Want to stay on top of all the space news? Follow @universetoday on Twitter
Pluto has been considered a planet since its discovery, but this position has come under threat with the discovery of 2003 UB313 (aka Xena), an object larger than Pluto orbiting out further in the Solar System. The International Astronomical Union will be meeting in August to decide on the fate of Pluto. By September, we could have 8 or 10 planets in the Solar System, but there won’t be 9 any more.
At its conference this August, the International Astronomical Union (IAU) will make a decision that could see Pluto lose its status as a planet.
For the first time, the organisation will be officially defining the word “planet”, and it is causing much debate in the world of astronomy.
There is only one thing that everyone seems to agree on: there are no longer nine planets in the Solar System. But is Pluto a planet?
The question now facing the IAU is whether to make this new discovery a planet.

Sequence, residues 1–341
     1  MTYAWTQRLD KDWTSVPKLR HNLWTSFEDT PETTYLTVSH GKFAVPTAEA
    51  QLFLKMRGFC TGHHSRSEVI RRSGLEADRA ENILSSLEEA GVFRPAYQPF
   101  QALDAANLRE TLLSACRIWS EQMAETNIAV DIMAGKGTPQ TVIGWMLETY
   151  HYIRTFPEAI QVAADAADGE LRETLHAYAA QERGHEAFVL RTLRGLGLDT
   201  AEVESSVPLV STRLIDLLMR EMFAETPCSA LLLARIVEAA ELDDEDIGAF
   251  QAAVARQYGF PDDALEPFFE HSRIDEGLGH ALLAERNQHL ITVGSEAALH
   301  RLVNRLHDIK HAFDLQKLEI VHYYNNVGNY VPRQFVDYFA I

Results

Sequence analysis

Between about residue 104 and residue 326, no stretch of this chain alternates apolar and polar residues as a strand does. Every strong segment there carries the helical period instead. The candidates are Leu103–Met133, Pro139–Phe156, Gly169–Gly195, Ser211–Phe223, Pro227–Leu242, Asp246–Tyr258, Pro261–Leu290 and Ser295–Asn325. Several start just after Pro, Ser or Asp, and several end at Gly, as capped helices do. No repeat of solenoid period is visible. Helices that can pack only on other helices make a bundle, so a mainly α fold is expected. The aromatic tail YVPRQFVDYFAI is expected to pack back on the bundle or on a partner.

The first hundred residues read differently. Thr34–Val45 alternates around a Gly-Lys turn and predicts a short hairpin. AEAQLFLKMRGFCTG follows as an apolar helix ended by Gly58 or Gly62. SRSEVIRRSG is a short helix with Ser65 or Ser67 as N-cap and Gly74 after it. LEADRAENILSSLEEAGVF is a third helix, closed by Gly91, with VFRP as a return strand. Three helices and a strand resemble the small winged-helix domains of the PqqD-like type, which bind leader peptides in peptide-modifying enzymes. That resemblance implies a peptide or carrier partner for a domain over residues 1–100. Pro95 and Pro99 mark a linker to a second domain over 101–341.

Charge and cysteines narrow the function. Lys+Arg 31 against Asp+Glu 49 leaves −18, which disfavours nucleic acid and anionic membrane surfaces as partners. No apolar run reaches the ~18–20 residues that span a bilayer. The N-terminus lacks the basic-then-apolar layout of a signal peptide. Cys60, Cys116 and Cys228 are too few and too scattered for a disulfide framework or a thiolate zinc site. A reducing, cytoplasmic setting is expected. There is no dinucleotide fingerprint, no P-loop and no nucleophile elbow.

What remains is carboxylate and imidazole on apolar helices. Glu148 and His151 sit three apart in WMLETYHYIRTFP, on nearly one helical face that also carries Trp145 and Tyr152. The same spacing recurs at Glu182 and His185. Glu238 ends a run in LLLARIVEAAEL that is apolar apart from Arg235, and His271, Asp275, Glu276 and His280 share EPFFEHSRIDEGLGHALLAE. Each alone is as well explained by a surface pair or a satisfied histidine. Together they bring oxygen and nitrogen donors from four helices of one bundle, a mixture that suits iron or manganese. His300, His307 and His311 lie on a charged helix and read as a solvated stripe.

Pluto is an unusual planet as it is made predominantly of ice and is smaller even than the Earth’s Moon.
There is a group of astronomers that are arguing for an eight-planet Solar System, with neither Pluto or 2003ub313 making the grade as a planet; but a number of astronomers are arguing for a more specific definition of a planet.
One of these; Kuiper Belt researcher Dr Marc Buie, of the Lowell Observatory in Arizona, has come up with a clear planetary definition he would like to see the IAU adopt.
I believe the definition of planet should be as simple as possible, so I’ve come up with two criteria,” he said.
“One is that it can’t be big enough to burn its own matter – that’s what a star does. On the small end, I think the boundary between a planet and not a planet should be, is the gravity of the object stronger than the strength of the material of the object? That’s a fancy way of saying is it round?”
This definition could lead to our Solar System having as many as 20 planets, including Pluto, 2003 UB313, and many objects that were previously classified as moons or asteroids.
One possible resolution to the debate is for new categories of planet to be introduced. Mercury, Venus, the Earth and Mars would be “rocky planets”. The gas-giants Jupiter, Saturn, Uranus and Neptune would be a second category.
Whatever the outcome of this debate there is only one thing that we can be certain of; by September 2006 there will no longer be just nine planets in our Solar System.
Original Source: BNSC News Release